Those accused of violent crimes now in our jail, and those who reasonably pose a threat to others were they to be released, will remain. We will work with local judges and prosecutors, and use our common sense, to determine who these prisoners are. And in any event, prosecutors should not pursue charges for nonviolent offenses to avoid sending more people to jail who don’t absolutely need to be there right now. Our police have more important things to do today. And so do prosecutors, who should devote their time and energy now only to the most serious cases.
I recognize that these measures will be criticized by some as a threat to public safety in our community. I disagree. I don’t think the people we are releasing today are going to go out and start a crime wave. I think they are going to go to their home, if they have one, and try to stay alive surrounded by their friends and family. In any event, let’s circle back in a few years and compare the number of lives that might be spared by the actions we are taking today — the lives of both staff and prisoners — with the number and nature of crimes that are committed by the people we are releasing. I feel confident the numbers will vindicate this decision.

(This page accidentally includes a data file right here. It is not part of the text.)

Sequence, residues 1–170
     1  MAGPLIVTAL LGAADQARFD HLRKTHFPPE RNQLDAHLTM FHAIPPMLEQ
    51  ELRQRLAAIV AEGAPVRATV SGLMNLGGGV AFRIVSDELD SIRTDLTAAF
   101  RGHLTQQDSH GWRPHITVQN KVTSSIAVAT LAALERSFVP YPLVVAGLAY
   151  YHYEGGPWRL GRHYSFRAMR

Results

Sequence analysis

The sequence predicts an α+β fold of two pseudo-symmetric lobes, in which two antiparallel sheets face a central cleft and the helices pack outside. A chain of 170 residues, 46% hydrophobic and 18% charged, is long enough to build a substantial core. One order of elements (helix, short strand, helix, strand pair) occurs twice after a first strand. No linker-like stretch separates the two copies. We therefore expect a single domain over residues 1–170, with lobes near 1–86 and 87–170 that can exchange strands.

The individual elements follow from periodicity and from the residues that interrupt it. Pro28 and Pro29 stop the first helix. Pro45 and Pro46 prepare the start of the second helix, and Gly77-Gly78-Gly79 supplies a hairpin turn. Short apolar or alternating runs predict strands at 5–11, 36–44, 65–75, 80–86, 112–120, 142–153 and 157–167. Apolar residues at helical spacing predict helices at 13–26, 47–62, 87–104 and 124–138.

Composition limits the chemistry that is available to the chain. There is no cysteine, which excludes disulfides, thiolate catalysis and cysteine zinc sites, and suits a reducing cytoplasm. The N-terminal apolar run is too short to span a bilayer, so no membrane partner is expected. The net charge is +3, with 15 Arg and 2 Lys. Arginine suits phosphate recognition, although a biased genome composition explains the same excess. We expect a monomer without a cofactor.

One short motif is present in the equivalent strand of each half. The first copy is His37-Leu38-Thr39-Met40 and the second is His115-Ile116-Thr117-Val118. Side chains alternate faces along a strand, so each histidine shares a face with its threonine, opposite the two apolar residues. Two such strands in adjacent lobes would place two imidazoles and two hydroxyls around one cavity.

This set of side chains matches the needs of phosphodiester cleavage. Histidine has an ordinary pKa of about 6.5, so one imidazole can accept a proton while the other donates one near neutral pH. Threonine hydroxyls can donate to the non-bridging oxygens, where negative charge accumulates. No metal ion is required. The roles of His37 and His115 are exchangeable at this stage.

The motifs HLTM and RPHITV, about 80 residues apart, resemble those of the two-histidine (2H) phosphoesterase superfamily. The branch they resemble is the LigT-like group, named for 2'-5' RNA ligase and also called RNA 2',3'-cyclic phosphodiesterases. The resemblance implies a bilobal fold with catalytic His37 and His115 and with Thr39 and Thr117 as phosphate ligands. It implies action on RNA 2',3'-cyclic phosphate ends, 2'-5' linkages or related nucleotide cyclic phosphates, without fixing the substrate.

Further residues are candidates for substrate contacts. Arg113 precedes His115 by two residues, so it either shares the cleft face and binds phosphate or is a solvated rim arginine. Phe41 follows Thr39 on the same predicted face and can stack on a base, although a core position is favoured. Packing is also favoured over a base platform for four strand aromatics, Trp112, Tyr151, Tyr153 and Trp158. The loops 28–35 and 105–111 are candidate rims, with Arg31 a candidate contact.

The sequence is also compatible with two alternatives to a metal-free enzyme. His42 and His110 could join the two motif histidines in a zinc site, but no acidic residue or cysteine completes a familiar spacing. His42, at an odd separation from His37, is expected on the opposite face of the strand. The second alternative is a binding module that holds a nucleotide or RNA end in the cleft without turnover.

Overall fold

We also can leave for a later day the broader debate over why we keep many of these people in our jail in the first place. That’s an argument we can all have in the run-up to the next election or when the pandemic no longer darkens our door. And if you all decide that you disagree with the policies I am implementing today, if you decide that I should have kept these prisoners inside a jail where I could not guarantee their health or safety, you can vote me out of office. As the “conscience of our community” my conscience will be clear that I did the right thing at the right time.
The views expressed are the author’s own and not necessarily those of the Brennan Center.